Last-Minute Fiscal Cliff Blame Game: The ‘Yes’ Men
December 30, 2012 - 11:03 am
“If we are not able to reach an agreement, it will be dire,” warned Sen. Jon Kyl (R-Ariz.). “And that’s from everybody from the Congressional Budget Office, which is nonpartisan, as you know, to the Fed chairman, probably at least another million jobs lost, an unemployment rate over 9 percent, and putting us back into recession. So responsible people on both sides of the aisle do need to try to come together, and there is a significant effort underway right now.”
Boehner noted that while continuously pushing the House to vote on the Senate Democrats’ White House-approved tax cut extension for the middle class only, Obama has never extended the same ecumenical attitude toward the lower chamber’s bills to extend tax cuts and avoid sequestration.
“The House has passed legislation to avert the entire fiscal cliff, and the president has never called for the Senate to act on those bills in any way. He instead has simply allowed the Democratic-controlled Senate to sit on them and lead our economy to the edge of the fiscal cliff,” Boehner said.
“I am pleased Senators from both parties are currently working to find a bipartisan solution that can finally pass that chamber. That is the type of leadership America needs, not what they saw from the president this morning,” he added.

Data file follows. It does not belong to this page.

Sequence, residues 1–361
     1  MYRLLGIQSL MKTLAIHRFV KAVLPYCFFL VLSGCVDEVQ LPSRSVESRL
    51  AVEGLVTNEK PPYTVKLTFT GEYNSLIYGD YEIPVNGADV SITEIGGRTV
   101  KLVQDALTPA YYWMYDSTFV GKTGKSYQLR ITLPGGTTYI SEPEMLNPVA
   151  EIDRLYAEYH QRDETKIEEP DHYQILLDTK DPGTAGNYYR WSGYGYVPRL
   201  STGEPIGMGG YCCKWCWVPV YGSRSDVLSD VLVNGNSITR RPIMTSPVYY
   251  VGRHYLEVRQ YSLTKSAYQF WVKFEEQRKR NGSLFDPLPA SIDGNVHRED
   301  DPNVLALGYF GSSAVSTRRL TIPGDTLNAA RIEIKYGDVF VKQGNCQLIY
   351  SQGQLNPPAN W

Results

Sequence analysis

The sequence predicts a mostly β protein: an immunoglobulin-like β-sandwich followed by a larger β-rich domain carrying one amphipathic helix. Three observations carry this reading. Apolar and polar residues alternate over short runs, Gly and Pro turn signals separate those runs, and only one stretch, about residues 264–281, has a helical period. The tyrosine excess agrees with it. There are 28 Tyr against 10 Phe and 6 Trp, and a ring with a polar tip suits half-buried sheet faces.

On NBC, David Gregory asked Obama if he had a role in breaking the congressional impasse.
“You know, at a certain point, if folks can’t say yes to good offers, then I also have an obligation to the American people to make sure that the entire burden of deficit reduction doesn’t fall on seniors, who are relying on Medicare,” the president responded. “…There is a basic fairness that is at stake in this whole thing that the American people understand and they listen to an entire year’s debate about it.
“And at a certain point, you know, it is very important for Republicans in Congress to be willing to say we understand we’re not going to get 100 percent, we are willing to compromise in a serious way in order to solve problems as opposed to be worrying about the next election,” Obama added. “…The offers that I’ve made to them have been so fair that a lot of Democrats get mad at me.”
Barrasso said negotiations were like “trying to line up Rubik’s cube right now.”
“We’re not there yet. We’re going to be meeting later today. This is going to continue, I think, until on to tomorrow,” he said. “My goal is to help keep tax rates down for all Americans. I think it hurts our economy if tax rates go up. That’s why I’m very concerned for the future and the growth of our economy and jobs.”